The social photo-sharing service Instagram has come out in defence of its nudity rules after protests over its removal of images of topless women.
An online debate about women’s right to go topless began last week after Instagram removed an image that included nipples from its site.
Scout Willis, the 22-year-old daughter of Demi Moore and Bruce Willis, had posted a picture of a sweatshirt that she had designed, featuring two topless women. The image was taken down by the website.
In protest, Willis tweeted pictures of herself walking topless in New York, using the hashtag #FreeTheNipple to protest against instagram’s anti-nudity policy.
She tweeted: “@instagram there is no way 2 contact you directly, I would really appreciate response b/c you took a lot of memories from me b/c u h8 nips.”
But now the cofounder of Instagram, Kevin Systrom, has told the BBC that the site’s rules on nudity are fair.
“Our goal is really to make sure that Instagram, whether you’re a celebrity or not, is a safe place and that the content that gets posted is something that’s appropriate for teens and also for adults,” he told BBC Newsbeat.
But the question does have to be asked: why are images of the naked female breast considered by so many to be innapproriate?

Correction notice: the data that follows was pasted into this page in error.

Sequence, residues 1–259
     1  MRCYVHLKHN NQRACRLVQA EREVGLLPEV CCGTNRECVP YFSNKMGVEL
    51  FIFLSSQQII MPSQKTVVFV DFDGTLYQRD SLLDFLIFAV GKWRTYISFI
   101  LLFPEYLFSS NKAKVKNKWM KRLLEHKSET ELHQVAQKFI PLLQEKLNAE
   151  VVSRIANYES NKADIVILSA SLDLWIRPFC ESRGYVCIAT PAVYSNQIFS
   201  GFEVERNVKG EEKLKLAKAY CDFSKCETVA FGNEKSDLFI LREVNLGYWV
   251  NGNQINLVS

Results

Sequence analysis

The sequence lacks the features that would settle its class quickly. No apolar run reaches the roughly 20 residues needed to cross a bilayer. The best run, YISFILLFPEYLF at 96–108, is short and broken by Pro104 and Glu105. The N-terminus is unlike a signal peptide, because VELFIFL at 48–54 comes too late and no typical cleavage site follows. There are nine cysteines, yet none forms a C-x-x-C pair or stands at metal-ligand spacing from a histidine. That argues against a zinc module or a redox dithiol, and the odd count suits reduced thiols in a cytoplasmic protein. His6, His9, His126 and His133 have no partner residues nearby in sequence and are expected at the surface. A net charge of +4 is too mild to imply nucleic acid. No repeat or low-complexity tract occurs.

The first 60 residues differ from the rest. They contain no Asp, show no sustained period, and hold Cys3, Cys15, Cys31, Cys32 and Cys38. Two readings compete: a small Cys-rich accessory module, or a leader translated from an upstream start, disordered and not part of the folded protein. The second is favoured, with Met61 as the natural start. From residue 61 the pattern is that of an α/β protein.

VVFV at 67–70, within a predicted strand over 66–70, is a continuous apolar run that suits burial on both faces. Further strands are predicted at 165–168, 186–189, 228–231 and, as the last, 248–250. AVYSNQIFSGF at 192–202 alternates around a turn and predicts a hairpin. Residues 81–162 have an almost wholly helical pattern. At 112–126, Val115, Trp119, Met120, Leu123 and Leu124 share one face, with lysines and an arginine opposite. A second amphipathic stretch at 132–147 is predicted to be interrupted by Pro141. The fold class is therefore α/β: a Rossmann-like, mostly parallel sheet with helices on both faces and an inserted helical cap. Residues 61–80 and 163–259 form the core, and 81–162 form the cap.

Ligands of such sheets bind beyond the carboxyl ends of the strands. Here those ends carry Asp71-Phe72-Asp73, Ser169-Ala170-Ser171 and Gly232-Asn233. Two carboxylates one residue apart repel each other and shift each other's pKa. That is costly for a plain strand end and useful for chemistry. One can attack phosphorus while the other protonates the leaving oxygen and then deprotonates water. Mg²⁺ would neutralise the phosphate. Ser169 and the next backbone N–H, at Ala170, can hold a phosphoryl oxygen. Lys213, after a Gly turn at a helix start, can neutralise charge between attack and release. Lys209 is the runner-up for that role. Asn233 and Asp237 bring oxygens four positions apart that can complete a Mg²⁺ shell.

Willis did not break any law when she took to the streets of New York topless to protest against the removal of her image – women walking the streets sans shirts is legal under New York state law.
And she is not the first celeb to fall foul of Instagram’s policy, either. Singer Rihanna closed her Instagram account in May after topless photos she had posted were blocked by the app.
Of course, it’s no surprise that instagram is averse to the sight of a female nipple. The service was bought in 2012 by the social networking giant Facebook, which also has a no-nudity policy.
Facebook has famously caused storms of protest in the past for removing images of mothers breastfeeding their babies.
And again the question has to be asked: why, when it’s perfectly OK for men to walk around topless and post photographs of themselves online doing so, is the same not OK for women?
Wouldn’t people much prefer pictures of female breasts to this?
Or even this?
Joking aside, this issue is very much a feminist one. Why shouldn’t women be treated in the same way as men?
Nobody puts the argument better than Scout Willis herself. In an essay that she wrote for the lifestyle site xoJane, Willis said: “In the 1930s, men’s nipples were just as provocative, shameful, and taboo as women’s are now, and men were protesting in much the same way. Men fought and they were heard, changing not only laws but social consciousness. And by 1936, men’s bare chests were accepted as the norm.
“So why is it that 80 years later women can’t seem to achieve the same for their chests? Why can’t a mother proudly breastfeed her child in public without feeling sexualised?… Why should I feel overly exposed because I choose not to wear a bra?
“What I am arguing for is a woman’s right to choose how she represents her body — and to make that choice based on personal desire and not a fear of how people will react to her or how society will judge her. No woman should be made to feel ashamed of her body.”